If a bulging aortic artery bursts, a person can die in minutes. Finding and repairing the dangerous abdominal aortic aneurysm is literally a life-saving procedure, as explained by McLeod Vascular Surgeon Eva Rzucidlo, MD:
Here are highlights of Dr. Rzucidlo’s explanation:
The aorta is the largest blood vessel in your body and it carries the blood from the heart out to your head, arms and legs. An abdominal aortic aneurysm is a ballooning of this main blood vessel in your belly. These abdominal aortic aneurysms typically appear below your kidneys.
An abdominal aortic aneurysm is dangerous because it is a weakening of the wall of the main blood vessel in your body. Once that wall becomes too weakened, it can burst. The hemorrhage most likely will lead to death.
There are more than 10,000 deaths per year from ruptured abdominal aortic aneurysms. These aneurysms are very difficult to find and are typically not discovered during a general physical exam. Making them more dangerous is the fact that most people who have one, don’t have any symptoms and no idea they actually have an aneurysm.
Men are most at risk for abdominal aortic aneurysms with a four to five times greater chance of suffering an aneurysm than a woman. These aneurysms don’t occur typically for young people. Generally, people over the age of 65 should be screened for aneurysms, especially if they have a family history of aneurysms, smoke, have high blood pressure or blockages in their arteries.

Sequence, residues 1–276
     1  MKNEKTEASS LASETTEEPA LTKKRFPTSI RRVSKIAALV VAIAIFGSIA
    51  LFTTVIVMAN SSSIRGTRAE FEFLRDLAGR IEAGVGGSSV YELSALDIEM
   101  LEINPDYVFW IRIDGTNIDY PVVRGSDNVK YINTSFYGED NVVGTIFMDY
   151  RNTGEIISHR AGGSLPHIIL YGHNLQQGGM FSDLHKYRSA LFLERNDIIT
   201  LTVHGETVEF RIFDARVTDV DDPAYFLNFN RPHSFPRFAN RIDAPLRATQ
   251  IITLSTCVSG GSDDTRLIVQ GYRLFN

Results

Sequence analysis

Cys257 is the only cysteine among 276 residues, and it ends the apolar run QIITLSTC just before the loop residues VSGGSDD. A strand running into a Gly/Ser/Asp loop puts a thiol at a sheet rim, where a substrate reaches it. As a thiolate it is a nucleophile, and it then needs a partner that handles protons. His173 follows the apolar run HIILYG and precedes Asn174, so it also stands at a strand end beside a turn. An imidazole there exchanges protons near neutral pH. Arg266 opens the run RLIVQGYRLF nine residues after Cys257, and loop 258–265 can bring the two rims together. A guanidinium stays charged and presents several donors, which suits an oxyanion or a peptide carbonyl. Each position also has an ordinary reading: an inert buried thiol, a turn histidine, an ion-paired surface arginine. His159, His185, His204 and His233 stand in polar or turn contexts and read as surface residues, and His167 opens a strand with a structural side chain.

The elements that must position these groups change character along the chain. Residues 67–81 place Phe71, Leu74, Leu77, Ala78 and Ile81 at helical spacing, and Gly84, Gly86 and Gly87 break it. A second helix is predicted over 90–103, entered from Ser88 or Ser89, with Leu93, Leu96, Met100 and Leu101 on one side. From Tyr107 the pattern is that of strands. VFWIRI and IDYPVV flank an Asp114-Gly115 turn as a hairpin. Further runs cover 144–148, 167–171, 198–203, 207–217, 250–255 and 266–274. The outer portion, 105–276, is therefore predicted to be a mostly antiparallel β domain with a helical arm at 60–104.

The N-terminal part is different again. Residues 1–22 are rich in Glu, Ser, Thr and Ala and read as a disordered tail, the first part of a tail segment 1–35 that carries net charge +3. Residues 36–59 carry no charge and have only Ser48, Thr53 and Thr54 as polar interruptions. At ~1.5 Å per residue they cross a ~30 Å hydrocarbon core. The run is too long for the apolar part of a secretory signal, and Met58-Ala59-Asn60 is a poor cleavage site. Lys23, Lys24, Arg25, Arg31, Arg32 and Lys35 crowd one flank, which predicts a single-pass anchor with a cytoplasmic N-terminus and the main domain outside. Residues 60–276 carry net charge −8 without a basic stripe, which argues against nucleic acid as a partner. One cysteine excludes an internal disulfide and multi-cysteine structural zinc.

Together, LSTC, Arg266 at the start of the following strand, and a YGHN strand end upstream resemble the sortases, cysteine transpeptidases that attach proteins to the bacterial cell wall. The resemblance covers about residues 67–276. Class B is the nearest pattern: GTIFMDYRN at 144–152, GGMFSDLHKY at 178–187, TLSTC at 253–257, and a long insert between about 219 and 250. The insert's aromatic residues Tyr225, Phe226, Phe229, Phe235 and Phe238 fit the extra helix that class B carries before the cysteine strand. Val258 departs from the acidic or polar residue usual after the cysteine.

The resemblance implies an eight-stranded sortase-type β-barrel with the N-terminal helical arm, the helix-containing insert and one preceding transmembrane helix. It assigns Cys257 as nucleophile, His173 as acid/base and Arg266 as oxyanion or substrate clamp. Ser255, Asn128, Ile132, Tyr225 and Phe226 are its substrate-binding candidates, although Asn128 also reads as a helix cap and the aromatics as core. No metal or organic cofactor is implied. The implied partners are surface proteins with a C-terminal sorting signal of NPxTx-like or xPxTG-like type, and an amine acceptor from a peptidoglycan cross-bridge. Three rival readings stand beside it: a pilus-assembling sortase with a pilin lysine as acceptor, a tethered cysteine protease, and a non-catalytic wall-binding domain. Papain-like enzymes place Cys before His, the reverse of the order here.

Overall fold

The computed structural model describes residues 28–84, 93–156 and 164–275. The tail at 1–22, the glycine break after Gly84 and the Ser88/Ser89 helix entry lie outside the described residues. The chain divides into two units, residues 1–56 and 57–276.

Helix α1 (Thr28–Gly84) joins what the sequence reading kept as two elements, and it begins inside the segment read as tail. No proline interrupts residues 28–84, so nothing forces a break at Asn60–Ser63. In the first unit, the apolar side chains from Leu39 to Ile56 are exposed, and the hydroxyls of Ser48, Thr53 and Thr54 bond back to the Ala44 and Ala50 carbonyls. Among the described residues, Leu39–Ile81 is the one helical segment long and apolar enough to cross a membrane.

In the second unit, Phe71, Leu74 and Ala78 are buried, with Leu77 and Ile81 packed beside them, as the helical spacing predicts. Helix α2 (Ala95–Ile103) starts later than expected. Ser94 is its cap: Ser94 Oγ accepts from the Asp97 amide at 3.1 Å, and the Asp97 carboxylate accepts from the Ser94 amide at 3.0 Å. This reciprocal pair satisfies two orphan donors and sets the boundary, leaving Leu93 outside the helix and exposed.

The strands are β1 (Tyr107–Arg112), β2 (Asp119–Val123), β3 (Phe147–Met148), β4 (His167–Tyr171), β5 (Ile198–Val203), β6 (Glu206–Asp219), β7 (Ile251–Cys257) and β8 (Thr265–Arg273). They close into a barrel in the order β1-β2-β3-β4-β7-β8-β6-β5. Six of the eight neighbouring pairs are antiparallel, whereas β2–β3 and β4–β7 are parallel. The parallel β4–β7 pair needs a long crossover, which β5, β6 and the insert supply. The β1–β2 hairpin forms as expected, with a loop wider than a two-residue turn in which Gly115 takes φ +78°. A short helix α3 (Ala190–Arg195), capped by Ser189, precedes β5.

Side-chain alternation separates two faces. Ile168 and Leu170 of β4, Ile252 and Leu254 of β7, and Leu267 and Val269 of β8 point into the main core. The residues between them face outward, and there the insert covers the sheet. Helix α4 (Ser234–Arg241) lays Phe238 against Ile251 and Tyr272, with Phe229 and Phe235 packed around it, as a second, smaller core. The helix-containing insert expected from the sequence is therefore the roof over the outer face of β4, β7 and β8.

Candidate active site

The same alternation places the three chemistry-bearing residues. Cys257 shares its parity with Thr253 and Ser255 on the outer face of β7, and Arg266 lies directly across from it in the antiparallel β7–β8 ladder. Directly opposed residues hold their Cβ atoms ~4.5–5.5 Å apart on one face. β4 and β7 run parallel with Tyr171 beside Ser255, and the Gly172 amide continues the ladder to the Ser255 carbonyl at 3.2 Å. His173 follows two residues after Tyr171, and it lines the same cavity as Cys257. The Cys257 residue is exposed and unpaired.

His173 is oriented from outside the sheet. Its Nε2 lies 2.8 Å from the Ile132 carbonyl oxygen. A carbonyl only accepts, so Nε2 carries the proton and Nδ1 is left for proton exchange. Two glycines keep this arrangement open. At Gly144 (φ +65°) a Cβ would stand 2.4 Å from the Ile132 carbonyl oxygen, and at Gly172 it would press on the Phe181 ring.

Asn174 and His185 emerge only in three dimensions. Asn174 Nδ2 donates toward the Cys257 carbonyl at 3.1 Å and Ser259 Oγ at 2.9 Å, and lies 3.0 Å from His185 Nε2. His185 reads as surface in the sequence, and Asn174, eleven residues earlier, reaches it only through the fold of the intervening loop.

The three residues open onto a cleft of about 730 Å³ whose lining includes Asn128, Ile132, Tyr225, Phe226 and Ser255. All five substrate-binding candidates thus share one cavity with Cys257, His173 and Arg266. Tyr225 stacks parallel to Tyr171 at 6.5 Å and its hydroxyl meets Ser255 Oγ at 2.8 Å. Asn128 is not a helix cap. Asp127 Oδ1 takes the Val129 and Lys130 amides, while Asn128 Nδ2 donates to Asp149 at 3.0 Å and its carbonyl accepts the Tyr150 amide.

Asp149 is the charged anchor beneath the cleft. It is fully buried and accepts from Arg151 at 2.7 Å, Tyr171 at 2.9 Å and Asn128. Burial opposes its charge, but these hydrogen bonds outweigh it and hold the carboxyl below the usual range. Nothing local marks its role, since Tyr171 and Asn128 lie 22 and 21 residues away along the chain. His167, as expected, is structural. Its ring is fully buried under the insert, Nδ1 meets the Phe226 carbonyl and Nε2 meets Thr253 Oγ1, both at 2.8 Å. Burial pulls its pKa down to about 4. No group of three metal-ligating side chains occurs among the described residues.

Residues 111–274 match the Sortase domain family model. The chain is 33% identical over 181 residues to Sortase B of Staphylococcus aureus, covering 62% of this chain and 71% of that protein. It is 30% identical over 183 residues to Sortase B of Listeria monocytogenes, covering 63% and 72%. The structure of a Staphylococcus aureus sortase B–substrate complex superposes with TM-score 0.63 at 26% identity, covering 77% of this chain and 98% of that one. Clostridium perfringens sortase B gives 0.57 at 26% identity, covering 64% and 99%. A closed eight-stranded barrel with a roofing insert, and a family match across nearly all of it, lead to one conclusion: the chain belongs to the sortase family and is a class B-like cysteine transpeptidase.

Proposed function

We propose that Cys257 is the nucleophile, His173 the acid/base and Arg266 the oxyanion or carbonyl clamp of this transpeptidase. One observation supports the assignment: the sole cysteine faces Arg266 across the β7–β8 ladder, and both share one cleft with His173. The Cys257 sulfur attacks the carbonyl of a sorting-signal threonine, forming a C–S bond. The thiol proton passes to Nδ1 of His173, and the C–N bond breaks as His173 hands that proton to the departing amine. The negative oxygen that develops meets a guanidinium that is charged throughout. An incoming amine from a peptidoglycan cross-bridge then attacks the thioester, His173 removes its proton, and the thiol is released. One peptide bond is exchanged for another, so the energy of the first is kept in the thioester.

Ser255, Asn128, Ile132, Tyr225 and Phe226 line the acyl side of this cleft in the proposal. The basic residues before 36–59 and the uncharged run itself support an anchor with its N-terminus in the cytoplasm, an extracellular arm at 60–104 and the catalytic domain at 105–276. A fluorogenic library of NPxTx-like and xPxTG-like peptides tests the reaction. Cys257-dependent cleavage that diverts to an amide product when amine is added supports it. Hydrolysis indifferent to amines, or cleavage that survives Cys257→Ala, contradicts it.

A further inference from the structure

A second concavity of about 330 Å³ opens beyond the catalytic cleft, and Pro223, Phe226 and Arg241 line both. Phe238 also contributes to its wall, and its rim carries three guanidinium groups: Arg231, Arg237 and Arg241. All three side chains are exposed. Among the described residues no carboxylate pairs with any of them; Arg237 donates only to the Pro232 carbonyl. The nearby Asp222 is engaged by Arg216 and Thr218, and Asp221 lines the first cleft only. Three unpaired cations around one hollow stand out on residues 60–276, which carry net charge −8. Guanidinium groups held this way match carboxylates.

There are no medications to make these aneurysms regress or to strengthen the wall of the blood vessel. Aneurysms are generally treated by surgery. A stent is placed within the aneurysm to allow for blood flow from the heart and down into the legs. The stent enables blood flow and takes pressure off the bulging artery, thereby, eliminating risk of rupture.
In the past, abdominal aortic aneurysms were only fixed with large incisions and replacement of the blood vessel with a plastic tube. However, many years ago, a newer procedure called Endovascular Aneurysm Repair was invented. This procedure allows for us to minimally invasively treat these abdominal aortic aneurysms in a much safer way. Most of these procedures can be performed with two small incisions in the groin area. Using X-ray imaging, we can see where to implant the stent. For most people who have a normal blood vessel below their kidney arteries, we can place a traditional endovascular aneurysm repair. And for most of these procedures, the patients can go home the next day.